Apart from the three-dimensional space wrapping a country, sovereignty disputes can even be related to a line itself, like the near-polar orbit. A satellite using a very specific invisible trajectory also turns into economic resources, where time and duration play a decisive role. In the Bogota Declaration (1976), eight equatorial states claimed rights up to the geostationary orbit (GSO), 36,000 km above their territories. And what happens to the moon? The Outer Space Treaty (1967) — forming the basis of international space law and signed by the United States and other major spacefaring nations — prohibits countries from exercising territorial sovereignty over the moon or other celestial bodies. But it doesn’t prohibit resource extraction, in the same logic as the concept of international waters.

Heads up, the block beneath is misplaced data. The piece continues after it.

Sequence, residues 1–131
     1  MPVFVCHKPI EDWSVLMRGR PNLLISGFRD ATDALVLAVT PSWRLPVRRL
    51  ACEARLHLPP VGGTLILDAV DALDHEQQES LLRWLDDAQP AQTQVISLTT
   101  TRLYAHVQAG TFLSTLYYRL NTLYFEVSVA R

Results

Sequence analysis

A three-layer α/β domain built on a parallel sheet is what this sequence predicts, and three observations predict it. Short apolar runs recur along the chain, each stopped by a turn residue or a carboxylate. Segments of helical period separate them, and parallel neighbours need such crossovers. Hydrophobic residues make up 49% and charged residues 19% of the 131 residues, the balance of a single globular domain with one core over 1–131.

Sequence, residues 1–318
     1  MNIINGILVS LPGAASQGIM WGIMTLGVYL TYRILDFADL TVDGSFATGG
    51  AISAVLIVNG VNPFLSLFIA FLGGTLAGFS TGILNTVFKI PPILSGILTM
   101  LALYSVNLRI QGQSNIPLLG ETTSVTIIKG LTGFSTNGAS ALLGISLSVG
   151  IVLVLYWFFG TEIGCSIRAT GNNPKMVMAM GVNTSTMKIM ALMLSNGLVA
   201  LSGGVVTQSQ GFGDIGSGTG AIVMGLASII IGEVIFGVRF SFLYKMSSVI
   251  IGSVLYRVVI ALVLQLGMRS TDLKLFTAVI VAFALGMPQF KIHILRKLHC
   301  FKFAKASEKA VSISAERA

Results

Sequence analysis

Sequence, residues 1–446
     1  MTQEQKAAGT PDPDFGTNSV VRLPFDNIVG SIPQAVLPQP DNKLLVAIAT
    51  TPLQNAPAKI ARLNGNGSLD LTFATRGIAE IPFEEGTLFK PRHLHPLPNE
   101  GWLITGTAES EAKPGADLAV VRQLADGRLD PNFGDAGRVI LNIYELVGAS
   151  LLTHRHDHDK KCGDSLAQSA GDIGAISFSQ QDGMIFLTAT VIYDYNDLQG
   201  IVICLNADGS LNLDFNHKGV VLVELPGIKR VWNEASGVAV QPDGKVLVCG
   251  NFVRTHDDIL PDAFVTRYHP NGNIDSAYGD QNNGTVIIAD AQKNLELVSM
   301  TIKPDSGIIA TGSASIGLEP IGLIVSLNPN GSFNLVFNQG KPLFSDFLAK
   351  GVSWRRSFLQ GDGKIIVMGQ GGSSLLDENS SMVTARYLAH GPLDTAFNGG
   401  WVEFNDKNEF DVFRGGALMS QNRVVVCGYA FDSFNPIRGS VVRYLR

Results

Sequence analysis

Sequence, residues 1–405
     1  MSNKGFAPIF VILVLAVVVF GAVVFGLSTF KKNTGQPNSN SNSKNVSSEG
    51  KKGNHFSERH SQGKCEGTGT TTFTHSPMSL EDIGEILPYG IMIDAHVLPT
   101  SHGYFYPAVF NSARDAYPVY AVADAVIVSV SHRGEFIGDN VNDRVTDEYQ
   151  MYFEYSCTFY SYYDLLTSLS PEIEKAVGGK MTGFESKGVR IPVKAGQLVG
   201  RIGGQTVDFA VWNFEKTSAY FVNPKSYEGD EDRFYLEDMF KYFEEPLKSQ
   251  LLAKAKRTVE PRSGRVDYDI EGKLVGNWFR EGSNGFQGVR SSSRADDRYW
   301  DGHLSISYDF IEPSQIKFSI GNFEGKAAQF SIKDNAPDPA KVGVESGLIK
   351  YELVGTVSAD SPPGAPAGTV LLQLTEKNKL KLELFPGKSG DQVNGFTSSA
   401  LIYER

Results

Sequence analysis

The challenge of global market and resources defining new territorial boundaries makes nation-states become more and more flexible in their management of sovereignty. As Ong pointed out with his idea of flexible citizenship, ‘in the era of globalization, individuals as well as governments develop a flexible notion of citizenship and sovereignty as strategies to accumulate capital and power.’ As a result, we face the conflict of developing nations outsourcing mining concessions to foreign investment. By this fact, the underground of a country becomes the subject of a new conception of post-colonial sovereignty. Who has the right to drill a gas pocket expanding underneath several nations? What happens with oblique drills overpassing surface boundaries? Until now, mining resources simply belonged to the state they are located in, without limit in depth. However, it might arrive the day when boundaries at certain depth towards the centre of the earth play a decisive role aided by new prospection and drilling techniques. As for today, the ‘deepest nation-state’ in the world is South Africa (Tau Tona gold mine, 2.5 miles deep).